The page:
Can anyone else confirm. I just need a bit of reassurance.
What you are describing is a contact with a external surface. In more than 40 years of history, there has never been a single case of infection from a external surface, regardless on the presence of infected fluids.
HIV does not survive for so long outside the body. How biology works does not really matter. The only ways HIV is spread are:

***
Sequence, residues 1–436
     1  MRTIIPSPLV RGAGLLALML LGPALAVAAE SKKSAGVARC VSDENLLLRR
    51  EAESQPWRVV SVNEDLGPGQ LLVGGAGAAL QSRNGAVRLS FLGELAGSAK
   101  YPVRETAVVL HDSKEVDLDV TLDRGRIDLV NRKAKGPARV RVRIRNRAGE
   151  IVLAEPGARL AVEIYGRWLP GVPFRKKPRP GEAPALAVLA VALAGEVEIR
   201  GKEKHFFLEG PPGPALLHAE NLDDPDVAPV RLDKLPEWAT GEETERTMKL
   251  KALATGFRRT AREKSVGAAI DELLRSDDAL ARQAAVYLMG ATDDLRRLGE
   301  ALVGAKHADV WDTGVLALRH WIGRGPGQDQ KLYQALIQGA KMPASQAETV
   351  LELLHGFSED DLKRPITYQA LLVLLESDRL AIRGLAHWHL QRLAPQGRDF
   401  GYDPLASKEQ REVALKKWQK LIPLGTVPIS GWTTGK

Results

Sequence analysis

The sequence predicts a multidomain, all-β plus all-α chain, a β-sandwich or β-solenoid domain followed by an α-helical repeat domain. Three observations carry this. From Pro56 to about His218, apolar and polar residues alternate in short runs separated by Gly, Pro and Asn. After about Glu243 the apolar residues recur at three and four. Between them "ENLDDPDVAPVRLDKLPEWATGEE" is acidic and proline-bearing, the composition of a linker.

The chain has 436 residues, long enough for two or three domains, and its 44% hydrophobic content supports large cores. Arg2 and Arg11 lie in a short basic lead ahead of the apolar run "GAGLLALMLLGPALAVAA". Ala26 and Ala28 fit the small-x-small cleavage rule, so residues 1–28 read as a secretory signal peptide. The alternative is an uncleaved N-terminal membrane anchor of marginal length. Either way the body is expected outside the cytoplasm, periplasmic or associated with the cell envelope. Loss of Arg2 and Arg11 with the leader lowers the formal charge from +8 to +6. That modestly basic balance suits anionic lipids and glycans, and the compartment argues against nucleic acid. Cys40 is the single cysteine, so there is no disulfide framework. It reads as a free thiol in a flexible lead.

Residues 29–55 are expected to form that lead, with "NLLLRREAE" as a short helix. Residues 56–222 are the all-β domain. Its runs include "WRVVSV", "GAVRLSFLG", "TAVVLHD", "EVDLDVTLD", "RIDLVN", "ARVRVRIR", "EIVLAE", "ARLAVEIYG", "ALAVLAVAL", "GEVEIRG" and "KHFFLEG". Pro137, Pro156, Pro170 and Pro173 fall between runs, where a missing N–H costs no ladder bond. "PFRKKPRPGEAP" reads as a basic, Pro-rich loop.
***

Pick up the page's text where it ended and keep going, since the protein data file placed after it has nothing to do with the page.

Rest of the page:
-unprotected vaginal/anal penetrations.
-sharing needles to inject drugs.
-mother to child.
You could think that a external surface works the same way as a needle, but it is completely different, as inside a needle, a infected fluid is not contacting air, so virus can survive for longer.
All the best.